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But, Malthus Was Probably Smarter
We will have to make some difficult choices, as a species, before too many more decades.
There are too many of us already. As there grow to be more, we will rub up against each other in ways guaranteed to annoy.
There is nothing new about this observation. Thomas Malthus brought it to our attention 200-odd years ago. The fact that he was perhaps too gloomy and his timetable therefore off by a few hundred years has only served to lull us into the conviction that he must have been wrong.
Until now, wars have been about greed and power and pride and religion and ethnicity. In the future wars will be about living space. (All those other excuses will still be with us, but mainly as excuses.)
Of course, we could also - by doing what we are doing - simply so alter the planet that it can no longer support more than a few thousand of us at a time and that would take care of the problem more or less permanently. Living space would still be dicey, but we would be so few and widely scattered that we wouldn't be likely to interact all that much.
Short of that self-initiated cataclysm, we will have to change our priorities and force some very difficult changes upon others.
Do you want a global forecast of what various societies' reproductive strategies are going to have to be? Take a good look at Turn of the 21st Century China.
Not particularly pretty, but probably unavoidable.
There isn't enough food-producing real estate on the globe for more than a few thousand human beings to live as independently as the San.
That's why they wound up living in a desert that nobody else wanted to live in. When somebody (the Boers) did decide they wanted to live there -- or at least to own it -- the San's "rights" and "freedom" proved to be illusory. (The Boers shot them, wholesale, just to get rid of them; much as the Westward-pressing American white settlers employed several strategies to get rid of the Indians who were in their way.)
Another instructive case is that of the Orangutan, one of the few primates that tends not to live in cooperative troops or "societies." It is impossible to trace the evolution of the Orang's unsociability, but it is probable that -- in the natural course of primate diversity -- some ancestral apes tended to prefer not to associate closely even with members of their own family.
Now, in order to get away with that, they had to find an environment which permitted them to make a living and protect themselves without constant cooperative behavior.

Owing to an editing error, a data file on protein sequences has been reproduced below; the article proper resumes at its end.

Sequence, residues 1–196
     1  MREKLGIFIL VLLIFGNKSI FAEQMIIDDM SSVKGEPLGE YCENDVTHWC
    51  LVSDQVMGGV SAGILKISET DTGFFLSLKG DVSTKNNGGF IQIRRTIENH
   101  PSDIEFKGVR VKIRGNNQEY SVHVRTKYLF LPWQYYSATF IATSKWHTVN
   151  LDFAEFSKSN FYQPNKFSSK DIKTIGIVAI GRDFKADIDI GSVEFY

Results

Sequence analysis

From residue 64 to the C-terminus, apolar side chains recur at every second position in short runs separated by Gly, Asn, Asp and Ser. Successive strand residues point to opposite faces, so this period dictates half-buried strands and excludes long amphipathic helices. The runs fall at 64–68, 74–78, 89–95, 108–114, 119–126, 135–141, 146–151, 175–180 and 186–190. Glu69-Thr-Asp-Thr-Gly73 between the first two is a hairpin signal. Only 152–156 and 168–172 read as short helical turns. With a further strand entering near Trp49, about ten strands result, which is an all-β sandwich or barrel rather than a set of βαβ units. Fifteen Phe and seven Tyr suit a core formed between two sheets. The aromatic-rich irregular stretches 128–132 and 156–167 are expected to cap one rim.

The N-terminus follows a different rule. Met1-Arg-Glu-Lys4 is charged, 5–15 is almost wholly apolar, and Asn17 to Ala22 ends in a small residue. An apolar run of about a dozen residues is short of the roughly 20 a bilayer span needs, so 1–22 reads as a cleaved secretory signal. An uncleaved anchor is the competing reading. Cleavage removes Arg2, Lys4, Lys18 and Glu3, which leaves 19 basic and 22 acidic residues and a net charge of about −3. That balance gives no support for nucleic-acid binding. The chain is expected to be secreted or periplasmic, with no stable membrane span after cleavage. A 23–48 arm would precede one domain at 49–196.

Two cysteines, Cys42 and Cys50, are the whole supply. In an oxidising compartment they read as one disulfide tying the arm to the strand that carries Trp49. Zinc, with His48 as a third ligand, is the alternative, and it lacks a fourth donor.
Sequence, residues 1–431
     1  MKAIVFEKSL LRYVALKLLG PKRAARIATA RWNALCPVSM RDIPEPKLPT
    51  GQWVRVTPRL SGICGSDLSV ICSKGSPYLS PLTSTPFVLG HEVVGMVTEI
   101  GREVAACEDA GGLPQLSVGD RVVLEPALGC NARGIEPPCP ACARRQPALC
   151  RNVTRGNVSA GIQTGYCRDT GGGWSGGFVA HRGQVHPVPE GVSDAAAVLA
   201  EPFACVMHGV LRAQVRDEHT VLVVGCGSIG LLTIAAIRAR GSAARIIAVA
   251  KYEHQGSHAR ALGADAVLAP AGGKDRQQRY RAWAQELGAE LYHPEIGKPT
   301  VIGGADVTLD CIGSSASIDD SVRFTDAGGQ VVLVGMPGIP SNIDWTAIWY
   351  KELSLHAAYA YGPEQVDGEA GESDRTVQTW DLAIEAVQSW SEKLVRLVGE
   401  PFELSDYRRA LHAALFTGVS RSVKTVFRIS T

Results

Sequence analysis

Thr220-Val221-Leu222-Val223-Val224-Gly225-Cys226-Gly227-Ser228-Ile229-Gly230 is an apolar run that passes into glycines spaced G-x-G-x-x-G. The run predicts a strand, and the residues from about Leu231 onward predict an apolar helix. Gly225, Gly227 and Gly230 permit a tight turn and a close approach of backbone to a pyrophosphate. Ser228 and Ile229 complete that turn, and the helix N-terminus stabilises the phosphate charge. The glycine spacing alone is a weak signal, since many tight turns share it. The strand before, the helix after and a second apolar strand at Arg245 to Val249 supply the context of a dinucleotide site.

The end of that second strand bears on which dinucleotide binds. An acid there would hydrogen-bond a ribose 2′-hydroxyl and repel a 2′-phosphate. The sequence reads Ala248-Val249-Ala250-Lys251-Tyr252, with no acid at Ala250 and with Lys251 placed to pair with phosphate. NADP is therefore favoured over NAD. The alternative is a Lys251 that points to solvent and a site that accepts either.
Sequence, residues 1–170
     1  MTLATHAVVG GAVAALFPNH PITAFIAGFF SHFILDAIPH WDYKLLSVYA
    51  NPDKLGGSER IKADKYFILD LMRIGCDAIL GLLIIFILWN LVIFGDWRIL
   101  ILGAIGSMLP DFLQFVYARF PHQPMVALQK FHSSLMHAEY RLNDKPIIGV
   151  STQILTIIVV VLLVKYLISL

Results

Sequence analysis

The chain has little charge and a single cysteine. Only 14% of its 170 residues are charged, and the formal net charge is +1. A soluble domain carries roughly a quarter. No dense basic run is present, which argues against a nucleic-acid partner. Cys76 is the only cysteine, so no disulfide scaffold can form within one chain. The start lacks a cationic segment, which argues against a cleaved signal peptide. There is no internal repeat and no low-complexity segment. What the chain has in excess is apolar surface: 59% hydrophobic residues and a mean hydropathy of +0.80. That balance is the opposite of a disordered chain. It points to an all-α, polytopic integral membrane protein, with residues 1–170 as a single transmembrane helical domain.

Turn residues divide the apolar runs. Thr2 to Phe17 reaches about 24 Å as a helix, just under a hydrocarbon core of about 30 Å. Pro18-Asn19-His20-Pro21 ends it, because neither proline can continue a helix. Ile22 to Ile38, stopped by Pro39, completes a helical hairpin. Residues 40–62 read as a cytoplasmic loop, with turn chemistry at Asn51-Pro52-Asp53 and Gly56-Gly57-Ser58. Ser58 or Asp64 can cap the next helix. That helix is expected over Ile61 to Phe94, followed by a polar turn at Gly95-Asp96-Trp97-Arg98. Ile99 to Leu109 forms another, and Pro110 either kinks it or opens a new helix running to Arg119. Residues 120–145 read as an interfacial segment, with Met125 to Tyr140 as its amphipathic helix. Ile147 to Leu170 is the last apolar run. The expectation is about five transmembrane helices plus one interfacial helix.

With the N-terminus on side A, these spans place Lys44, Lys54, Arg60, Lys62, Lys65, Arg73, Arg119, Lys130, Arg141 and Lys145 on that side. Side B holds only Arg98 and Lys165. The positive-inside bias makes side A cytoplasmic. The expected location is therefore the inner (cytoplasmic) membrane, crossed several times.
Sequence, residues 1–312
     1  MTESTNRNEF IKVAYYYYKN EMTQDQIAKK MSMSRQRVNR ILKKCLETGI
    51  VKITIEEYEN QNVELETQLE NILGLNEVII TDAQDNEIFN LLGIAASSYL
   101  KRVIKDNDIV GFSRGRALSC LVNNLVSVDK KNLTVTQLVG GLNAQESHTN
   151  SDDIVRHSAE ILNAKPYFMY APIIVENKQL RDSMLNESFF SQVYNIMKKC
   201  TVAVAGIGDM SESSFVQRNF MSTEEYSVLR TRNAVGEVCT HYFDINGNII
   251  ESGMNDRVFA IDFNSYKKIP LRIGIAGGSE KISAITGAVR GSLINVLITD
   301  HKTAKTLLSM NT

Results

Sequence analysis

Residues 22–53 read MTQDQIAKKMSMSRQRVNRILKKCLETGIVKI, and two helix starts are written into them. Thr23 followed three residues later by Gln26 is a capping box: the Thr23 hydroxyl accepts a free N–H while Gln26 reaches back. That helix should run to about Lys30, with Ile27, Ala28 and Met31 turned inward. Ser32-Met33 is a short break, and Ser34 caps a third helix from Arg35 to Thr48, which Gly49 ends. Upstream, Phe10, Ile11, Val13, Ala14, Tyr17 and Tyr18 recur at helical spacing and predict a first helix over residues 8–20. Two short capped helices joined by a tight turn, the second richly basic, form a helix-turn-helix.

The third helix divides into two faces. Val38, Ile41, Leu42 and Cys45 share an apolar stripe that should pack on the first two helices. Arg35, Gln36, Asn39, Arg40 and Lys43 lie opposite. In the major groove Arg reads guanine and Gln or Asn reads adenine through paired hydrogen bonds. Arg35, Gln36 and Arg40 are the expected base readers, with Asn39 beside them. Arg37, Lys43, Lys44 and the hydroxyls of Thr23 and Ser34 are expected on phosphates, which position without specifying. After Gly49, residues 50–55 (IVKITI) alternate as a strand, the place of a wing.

The trees of a rather isolated tropical island jungle turn out to be an ideal place. There is plenty of food hanging around, to be eaten without too much hard labor or difficulty, and there are few natural enemies who can climb as high or as well.
Homo sapiens almost certainly did not follow the Orang's social formula on their evolutionary path to the Big Brain and the ultimate contemplation of "human rights."
In order to be a successful hermit...or an entire collection of them...you have - most critically - to be left alone. There is no record, or likelihood, that human beings have ever been able to leave each other alone.
In such a "state of nature" human rights are a recent and not universally-celebrated invention. The definition of such rights, and the determination of their parameters, cannot be undertaken without taking into account the matrix of the society in which the subject human beings live.
Contrary to the way certain philosophers (See Rousseau, Nozick) would see it, people did not "give up" any body of rights in order to live in their society. The society came first, and any rights any individuals might have evolved had to be teased out of their natal matrix..
The dominant cycle of history tells us that, over the centuries, more and more individuals have managed to claim stronger and stronger autonomy...within the societies which permitted such autonomy at all.
The reasons behind this slowly increasing "liberalization" of society are not at all clear, but they probably have to do with the necessarily megalomaniacal bent of the individual human intelligence; the simple survival value of each of us having to believe that she or he matters, and so should be taken into account.
From this, probably profoundly misled, conviction that each of us has that we are significant; within the society; within the species; within the Universe; in the Mind of God; springs the idea of human "rights" and freedoms.
If there ever was a critical "state of nature" it is within our own individual wetware.
There is a lot of societal evolution ahead before most of us can hope to be left as successfully alone as the San; or the Orangutan; achieved for a little historical while.
The human ideal seems to be for all of us to be that free; to associate with others as we choose, or need to make a living; to live apart as much as we feel we need; above all, to not have our heads messed with by people who do not understand or care about us.
There may no longer be enough room.
It is certain that it won't happen without some better philosophers; and the general will to listen to them.